tightened and refined at higher levels of intensity and demand for
the services of scarce land. In recent decades the unprecedented
voracious resource demands of the United States have been a major
The views above have been characterized by some as "Marxist",
because of the explicit recognition of special class interests. If
this be Marxism make the most of it; the point if any is only ad
hominem. But the views here differ from Marx's. For one, Marx was an
underconsumptionist who attributed imperialism to a search for
overseas markets, not rent-seeking. For another, Marx made no sharp
consistent distinction between land and capital.
The present views point toward specific policy changes. To
minimize global conflict, a nation should use its tax system to
recoup rents from beneficiaries of its statecraft. This would
deflate the rent-seeking incentive to provocative behavior, as well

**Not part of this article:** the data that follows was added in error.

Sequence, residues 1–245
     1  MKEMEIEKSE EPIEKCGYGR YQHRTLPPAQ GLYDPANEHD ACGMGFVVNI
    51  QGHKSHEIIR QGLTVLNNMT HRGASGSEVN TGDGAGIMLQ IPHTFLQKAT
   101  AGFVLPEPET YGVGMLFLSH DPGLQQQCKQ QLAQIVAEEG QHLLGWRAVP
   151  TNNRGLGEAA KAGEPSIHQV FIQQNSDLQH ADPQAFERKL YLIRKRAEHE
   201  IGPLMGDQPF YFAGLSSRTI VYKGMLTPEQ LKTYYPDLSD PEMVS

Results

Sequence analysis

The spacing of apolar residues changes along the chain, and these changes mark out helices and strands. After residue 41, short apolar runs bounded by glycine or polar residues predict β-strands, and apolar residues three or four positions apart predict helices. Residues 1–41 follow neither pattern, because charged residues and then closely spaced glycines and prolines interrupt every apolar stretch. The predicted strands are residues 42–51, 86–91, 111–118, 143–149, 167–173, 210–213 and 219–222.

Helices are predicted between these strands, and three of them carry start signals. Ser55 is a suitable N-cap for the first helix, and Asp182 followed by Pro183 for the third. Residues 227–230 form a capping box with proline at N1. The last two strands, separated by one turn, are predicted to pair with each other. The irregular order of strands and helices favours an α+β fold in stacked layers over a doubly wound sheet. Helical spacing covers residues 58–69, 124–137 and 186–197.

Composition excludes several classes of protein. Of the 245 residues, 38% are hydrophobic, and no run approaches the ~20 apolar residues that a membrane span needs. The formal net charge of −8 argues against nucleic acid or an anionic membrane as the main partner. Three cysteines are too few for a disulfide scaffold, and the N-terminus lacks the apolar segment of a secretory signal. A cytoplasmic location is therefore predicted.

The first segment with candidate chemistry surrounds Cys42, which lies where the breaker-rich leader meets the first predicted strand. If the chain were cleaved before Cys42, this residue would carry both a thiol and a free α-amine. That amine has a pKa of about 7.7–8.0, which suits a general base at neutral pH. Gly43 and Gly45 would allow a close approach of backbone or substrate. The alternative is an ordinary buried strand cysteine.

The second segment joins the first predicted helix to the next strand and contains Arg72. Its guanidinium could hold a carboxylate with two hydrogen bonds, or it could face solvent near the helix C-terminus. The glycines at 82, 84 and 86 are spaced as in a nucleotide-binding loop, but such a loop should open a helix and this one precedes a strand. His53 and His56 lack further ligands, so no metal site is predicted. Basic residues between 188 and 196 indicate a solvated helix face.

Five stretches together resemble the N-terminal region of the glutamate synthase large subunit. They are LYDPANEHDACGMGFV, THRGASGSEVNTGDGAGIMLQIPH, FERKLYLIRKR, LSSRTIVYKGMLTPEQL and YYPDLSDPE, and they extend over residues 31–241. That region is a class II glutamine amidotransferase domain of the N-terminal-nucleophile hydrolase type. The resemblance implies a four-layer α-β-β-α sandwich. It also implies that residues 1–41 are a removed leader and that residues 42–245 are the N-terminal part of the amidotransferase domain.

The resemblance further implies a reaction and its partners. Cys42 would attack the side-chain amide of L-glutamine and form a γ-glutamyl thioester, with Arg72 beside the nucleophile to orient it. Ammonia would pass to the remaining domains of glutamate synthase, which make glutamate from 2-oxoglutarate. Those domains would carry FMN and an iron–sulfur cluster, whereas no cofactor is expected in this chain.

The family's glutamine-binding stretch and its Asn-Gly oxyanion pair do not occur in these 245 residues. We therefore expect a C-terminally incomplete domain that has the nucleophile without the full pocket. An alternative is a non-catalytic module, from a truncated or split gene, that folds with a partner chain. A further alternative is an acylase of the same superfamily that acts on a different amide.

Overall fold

as the discretionary funds used to gain political support. There is
little gain to the nation as a whole, and high cost, in creating
rents for a few individuals or corporations. A surtax on income from
foreign sources, for example, rather than the present preferential
treatment, is indicated.
An analogous movement is already underway in municipal affairs.
Robert Freilich, a lawyer sometimes called the "father of
growth control", has worked out systems of urban growth whereby
newly annexed lands must pay the full costs of their own
development, instead of leeching on central cities as has been the
custom. This has, where applied, drastically cooled down the passion
for leapfrog annexations. I trust the analogy between municipal and
national imperialism is evident.
To strengthen the nation and move toward justifying labeling
defense a "public good", a wider sharing of rents is
indicated. This is a simple matter of readjusting tax systems. Many
oil-rich jurisdictions already provide models, albeit modest in
degree (like Alaska's social dividend from oil royalties). Canada
has a partially-developed system of inter-provincial equalization of
resource revenues. The result there, as one might expect, has been
to heighten the sense of national unity. Geographically, Canada
makes a ridiculous, uneconomical nation; but inter-provincial
equalization payments, faulty as they are, serve to nurture
patriotism in the constructive sense, increasing the number of
citizens honorably devoted to the nation as such.